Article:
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Last and First Blooms: GBBD, November 2020

November 15, 2020

last bluebirdsIn mid-November, we don’t yet have snow on the ground, but the only flowers left in my garden are two blooms of smooth blue aster (Symphyotrichum laeve) ‘Bluebird,’ tucked into foliage and leaf litter in a protected spot by the foundation. My garden is now settling down for a long winter rest.

Right on cue, my flowering houseplants are stepping up to take center stage. The Thanksgiving cactus (Schlumbergera) has begun to bloom. The tag tucked into this plant when I bought it said that its flowers are white. I am happy that turned out to be wrong, because I love the mix of coral, pink, and lavender flowers that I got instead.

Thanksgiving cactus 2020 cactus flower 2020
Nearby on the window ledge, the potted cyclamen plants are loaded with buds, and the first flower has opened. Many more will follow this one.

Garden Bloggers’ Bloom Day is hosted on the 15th of each month by Carol at May Dreams Gardens. Visit her blog to see flowers from gardens in many climates.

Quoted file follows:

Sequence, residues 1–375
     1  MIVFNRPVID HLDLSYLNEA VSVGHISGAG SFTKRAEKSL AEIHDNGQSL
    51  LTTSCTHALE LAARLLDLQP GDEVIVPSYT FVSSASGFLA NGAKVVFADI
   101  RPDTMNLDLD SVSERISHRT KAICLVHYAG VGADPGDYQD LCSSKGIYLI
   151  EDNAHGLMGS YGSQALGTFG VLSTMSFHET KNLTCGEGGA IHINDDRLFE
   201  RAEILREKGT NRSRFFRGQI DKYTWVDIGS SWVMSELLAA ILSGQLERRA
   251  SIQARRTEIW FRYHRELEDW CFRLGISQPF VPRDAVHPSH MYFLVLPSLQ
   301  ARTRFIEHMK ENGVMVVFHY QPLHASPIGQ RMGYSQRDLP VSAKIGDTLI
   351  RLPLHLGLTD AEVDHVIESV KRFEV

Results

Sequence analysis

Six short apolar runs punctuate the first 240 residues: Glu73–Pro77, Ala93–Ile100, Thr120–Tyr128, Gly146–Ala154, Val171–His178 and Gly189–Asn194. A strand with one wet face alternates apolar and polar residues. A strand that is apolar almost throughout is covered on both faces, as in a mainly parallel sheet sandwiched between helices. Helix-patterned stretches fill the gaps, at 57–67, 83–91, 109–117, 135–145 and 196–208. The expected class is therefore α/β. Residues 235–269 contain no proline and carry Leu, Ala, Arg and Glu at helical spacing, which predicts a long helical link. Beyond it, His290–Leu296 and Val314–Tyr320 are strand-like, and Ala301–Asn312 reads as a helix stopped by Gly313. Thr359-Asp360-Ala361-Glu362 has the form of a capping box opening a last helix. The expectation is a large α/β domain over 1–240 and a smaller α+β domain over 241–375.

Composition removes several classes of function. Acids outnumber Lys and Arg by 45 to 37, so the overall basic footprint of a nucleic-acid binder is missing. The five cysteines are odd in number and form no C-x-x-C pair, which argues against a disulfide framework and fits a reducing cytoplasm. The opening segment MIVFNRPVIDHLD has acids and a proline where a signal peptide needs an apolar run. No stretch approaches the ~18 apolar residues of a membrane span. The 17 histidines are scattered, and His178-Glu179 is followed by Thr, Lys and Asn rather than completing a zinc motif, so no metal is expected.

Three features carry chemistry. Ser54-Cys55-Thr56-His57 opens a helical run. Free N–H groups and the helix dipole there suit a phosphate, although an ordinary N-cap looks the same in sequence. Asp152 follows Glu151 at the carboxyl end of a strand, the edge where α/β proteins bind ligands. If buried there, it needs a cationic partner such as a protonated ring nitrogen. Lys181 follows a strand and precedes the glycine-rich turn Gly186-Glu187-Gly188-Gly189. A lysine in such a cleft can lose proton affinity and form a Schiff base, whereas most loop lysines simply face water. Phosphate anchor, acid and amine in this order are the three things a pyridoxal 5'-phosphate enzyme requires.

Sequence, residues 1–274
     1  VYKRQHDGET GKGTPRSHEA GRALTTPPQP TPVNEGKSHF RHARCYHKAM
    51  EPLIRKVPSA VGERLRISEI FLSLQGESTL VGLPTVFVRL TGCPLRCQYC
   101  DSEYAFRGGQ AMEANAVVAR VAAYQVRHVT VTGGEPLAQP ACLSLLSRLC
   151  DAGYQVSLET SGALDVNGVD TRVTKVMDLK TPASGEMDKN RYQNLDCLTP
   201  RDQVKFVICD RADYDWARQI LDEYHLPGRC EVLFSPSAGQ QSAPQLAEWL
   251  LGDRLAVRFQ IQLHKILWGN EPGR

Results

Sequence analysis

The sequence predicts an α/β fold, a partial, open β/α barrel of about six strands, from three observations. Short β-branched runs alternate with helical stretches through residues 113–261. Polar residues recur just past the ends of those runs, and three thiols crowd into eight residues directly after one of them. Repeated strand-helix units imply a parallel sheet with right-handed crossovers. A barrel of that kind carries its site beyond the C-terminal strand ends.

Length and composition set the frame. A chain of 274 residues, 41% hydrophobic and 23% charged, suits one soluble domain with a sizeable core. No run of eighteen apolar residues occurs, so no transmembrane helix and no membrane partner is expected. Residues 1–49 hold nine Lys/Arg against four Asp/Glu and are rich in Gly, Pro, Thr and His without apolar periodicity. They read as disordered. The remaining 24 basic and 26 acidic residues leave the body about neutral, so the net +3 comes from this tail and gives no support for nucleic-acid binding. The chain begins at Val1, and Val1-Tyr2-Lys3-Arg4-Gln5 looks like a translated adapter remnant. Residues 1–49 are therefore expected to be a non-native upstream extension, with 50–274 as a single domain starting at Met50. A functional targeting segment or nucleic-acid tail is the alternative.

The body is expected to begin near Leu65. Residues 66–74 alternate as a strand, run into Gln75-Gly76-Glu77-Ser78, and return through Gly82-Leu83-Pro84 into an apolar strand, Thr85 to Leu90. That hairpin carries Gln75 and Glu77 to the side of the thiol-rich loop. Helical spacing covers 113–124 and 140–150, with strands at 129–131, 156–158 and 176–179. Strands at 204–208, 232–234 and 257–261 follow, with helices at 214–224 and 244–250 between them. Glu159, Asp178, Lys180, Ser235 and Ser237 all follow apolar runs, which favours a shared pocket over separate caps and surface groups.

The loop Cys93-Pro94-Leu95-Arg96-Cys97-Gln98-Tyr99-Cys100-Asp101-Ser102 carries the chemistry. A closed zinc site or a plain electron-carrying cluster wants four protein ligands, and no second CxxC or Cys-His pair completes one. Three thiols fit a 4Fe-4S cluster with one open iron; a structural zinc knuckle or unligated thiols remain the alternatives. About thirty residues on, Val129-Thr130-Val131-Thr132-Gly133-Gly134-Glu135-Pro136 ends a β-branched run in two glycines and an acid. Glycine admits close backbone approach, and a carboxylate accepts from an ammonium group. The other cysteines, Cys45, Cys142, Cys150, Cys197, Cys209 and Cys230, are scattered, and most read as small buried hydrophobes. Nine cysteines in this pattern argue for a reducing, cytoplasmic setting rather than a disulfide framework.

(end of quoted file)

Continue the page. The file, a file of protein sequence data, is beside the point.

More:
first cyclamen
9 Comments leave one →
  1. November 15, 2020 9:27 pm

    There is no point of adding a word BEAUTIFUL, I guess all flowers are beautiful still

    • November 23, 2020 8:21 pm

      Athira, I never get tired of all the variety in the beauty of flowers.

      • November 23, 2020 8:49 pm

        Yes Jean, it’s amazing to see the wonderful flowers

  2. November 16, 2020 1:44 am

    Beautiful Shots of Christmas Cactus…What a stunning capture of Cyclamen bloom. It would be my pleasure if you join my link up party related to gardening where you can share posts related to plants and flowers here at

  3. Pat Leuchtman permalink
    November 16, 2020 9:22 am

    I have nothing blooming inside or outside, but that cyclamen has inspired me. Thank you.

    • November 23, 2020 8:25 pm

      Pat, I used to get poinsettia plants for the holidays and be frustrated with how unsatisfying they were once they had finished blooming. One year when I went to buy a couple of holiday poinsettias, the greenhouse was also selling cyclamen, so I bought those instead, and discovered that I could keep them going for decades with very little effort and with flowers for most months of the year. The secret to success seems to be to have a cool spot for them — not difficult in a New England house.

  4. November 16, 2020 1:12 pm

    I always look forward to the flowering plants you manage to grow inside, Jean. I’m lucky if I can keep my green-foliage houseplants alive inside.

    • November 23, 2020 8:27 pm

      Kris, After decades, I have a self-selected group of houseplants that can live in my cool house conditions. Of course, I’ve also been a serial killer of a number of other houseplants, notably orchids.

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